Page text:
Five Ways to Prepare Your Car for Wet Weather

Wet weather can turn driving into a hassle. Rain and snow become especially dangerous if you haven’t properly prepared your vehicle to handle them. When it comes to preparing your car for wet weather, are you checking off everything on this list?

1. Use Rain-X

Apply Rain-X (or another comparable product) to your windshield, and you may not even need your wipers anymore. It works as a wet weather repellent, largely increasing visibility through heavy weather situations. There are many kinds of Rain-X designed for specific purposes, but you can always count on the original to do the job. And, with its low price, it’s worth it. When you apply it to your windshield, don’t be stingy; give it a couple coats and watch the rain literally fly right off your windshield.

2. Replace Wipers

Your experience in wet weather can vary dramatically depending on your windshield wipers. Sometimes it’s hard to determine where you can spare a few bucks, but when it comes to wipers, you don’t want to spare a penny. A little more goes a long way, so consider buying top-notch brands to make sure you’re able to see as much as possible during rain or snow. You can never go wrong with Rain-X or Bosch wiper blades.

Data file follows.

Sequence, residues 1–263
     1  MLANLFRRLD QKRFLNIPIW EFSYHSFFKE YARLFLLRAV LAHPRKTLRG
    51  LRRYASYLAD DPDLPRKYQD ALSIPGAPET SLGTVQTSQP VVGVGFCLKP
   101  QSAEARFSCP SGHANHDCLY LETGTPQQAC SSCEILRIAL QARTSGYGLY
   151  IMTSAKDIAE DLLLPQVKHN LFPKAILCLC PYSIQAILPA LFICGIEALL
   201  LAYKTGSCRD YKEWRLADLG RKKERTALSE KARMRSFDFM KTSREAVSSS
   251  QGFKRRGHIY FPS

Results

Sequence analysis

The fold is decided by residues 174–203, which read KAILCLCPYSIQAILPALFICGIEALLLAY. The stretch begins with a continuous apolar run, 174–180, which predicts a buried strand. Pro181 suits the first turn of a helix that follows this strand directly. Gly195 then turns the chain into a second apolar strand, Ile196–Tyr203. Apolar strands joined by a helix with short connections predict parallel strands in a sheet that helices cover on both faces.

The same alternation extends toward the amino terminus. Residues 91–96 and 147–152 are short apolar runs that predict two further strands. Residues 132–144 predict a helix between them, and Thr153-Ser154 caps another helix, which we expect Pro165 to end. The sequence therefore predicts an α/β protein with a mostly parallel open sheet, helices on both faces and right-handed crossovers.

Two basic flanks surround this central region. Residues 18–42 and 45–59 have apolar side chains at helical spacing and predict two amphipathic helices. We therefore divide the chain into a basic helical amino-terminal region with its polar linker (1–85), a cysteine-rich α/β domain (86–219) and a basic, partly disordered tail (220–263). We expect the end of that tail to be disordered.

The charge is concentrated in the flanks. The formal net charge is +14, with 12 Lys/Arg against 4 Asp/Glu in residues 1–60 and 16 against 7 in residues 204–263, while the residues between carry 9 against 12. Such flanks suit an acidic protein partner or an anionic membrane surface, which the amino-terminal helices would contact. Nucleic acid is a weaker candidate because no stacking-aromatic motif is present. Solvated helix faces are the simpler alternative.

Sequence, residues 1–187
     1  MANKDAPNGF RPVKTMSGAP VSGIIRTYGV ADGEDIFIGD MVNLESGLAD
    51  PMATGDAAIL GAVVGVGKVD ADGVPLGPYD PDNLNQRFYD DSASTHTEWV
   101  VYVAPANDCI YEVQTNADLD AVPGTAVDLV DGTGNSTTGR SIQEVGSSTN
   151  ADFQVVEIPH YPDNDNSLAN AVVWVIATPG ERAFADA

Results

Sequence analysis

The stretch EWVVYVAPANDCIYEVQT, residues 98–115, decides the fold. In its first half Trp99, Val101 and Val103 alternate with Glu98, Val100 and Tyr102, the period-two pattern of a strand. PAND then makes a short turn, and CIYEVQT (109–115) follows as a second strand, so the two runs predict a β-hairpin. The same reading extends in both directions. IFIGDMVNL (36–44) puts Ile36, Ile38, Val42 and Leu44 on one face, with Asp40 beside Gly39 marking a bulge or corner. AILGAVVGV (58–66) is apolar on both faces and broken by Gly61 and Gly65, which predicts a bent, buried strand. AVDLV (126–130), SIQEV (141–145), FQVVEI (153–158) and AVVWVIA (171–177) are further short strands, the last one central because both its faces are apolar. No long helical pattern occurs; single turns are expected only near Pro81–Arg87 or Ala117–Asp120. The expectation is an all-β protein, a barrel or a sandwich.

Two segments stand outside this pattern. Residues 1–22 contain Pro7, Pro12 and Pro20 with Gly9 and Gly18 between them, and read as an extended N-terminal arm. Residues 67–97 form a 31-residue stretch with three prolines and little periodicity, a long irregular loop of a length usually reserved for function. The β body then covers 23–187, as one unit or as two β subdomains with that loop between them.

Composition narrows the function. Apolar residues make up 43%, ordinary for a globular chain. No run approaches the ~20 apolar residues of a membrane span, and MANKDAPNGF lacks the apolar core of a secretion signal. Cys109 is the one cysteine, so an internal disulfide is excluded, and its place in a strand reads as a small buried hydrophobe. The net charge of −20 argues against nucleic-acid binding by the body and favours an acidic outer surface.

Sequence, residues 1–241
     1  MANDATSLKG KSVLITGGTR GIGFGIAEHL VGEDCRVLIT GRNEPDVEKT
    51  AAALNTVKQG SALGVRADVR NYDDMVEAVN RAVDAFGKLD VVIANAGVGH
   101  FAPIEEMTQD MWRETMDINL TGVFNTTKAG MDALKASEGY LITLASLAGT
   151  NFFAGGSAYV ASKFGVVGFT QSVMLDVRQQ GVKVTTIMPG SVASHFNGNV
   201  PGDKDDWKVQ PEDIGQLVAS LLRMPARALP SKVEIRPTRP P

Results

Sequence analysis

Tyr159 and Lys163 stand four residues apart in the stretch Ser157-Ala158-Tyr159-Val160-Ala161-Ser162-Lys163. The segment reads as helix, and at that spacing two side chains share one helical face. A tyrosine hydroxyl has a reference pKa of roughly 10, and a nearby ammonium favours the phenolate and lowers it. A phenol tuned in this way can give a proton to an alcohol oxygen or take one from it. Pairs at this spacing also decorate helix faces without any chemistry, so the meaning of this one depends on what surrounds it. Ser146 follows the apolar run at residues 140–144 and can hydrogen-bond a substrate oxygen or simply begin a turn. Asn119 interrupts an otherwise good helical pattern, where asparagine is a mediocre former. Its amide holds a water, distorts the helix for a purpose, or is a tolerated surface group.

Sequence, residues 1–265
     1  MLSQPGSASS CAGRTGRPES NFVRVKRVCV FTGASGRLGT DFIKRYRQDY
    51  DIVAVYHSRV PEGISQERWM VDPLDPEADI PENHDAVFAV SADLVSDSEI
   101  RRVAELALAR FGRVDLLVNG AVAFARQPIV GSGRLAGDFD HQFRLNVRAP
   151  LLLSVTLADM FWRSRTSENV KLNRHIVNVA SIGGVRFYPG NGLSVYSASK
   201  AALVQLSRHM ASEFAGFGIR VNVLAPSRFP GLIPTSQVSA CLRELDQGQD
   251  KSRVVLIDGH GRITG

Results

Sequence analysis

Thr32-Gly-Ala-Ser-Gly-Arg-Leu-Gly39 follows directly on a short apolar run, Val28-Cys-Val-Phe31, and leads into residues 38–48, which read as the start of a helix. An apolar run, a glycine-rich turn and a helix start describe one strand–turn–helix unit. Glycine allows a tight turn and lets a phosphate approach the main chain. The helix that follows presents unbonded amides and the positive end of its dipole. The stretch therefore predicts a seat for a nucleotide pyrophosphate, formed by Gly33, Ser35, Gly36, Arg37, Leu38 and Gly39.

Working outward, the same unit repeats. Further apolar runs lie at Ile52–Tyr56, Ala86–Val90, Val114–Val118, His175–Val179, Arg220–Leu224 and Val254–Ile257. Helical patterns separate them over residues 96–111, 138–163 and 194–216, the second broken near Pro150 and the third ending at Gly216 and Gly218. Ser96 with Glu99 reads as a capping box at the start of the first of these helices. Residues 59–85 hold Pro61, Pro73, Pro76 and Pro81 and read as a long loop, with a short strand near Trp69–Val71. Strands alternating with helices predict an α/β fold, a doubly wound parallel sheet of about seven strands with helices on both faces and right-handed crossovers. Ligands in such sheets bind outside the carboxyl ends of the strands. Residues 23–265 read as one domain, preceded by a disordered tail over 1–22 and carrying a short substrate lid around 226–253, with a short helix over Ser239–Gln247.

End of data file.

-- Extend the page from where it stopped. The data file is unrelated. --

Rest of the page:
3. Clean Up Your Headlights

Headlights get cloudy overtime. This diminishes the effectiveness of your lights, making it harder to drive through fog, snow, rain, and dark streets. You can get rid of the cloudiness with certain products, like Sylvania or 3M, designed to keep headlights clean and clear. If you don’t want to cough up the dough for these products, you can use a plaque-removing toothpaste to scrub the grime away.

4. Check Tires

The less treading on your tires, the more you’ll be prone to sliding. With wet and cold weather, this can be dangerous. Of course, you never want tires without treading, but you should especially be concerned for those wet weather months—winter and spring.

5. Rust Proof

The wet weather months are when your car is most susceptible to rusting. Newer cars will typically already have a rust-proofing agent applied, but your used car might not. You can find anti-rust and anti-corrosion products in most auto stores, and the prices range from a few bucks to higher prices, around $35. Some experts would say this isn’t completely necessary, but it comes down to whether you’re willing to spill the cash to make sure your car doesn’t rust away.

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